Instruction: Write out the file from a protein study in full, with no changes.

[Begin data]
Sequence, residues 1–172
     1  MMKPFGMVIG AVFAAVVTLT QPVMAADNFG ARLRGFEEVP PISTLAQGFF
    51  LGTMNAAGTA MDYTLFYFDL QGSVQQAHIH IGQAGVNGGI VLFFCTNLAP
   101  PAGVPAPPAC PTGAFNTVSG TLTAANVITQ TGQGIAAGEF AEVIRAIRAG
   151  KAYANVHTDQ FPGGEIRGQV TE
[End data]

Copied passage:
Sequence, residues 1–172
     1  MMKPFGMVIG AVFAAVVTLT QPVMAADNFG ARLRGFEEVP PISTLAQGFF
    51  LGTMNAAGTA MDYTLFYFDL QGSVQQAHIH IGQAGVNGGI VLFFCTNLAP
   101  PAGVPAPPAC PTGAFNTVSG TLTAANVITQ TGQGIAAGEF AEVIRAIRAG
   151  KAYANVHTDQ FPGGEIRGQV TE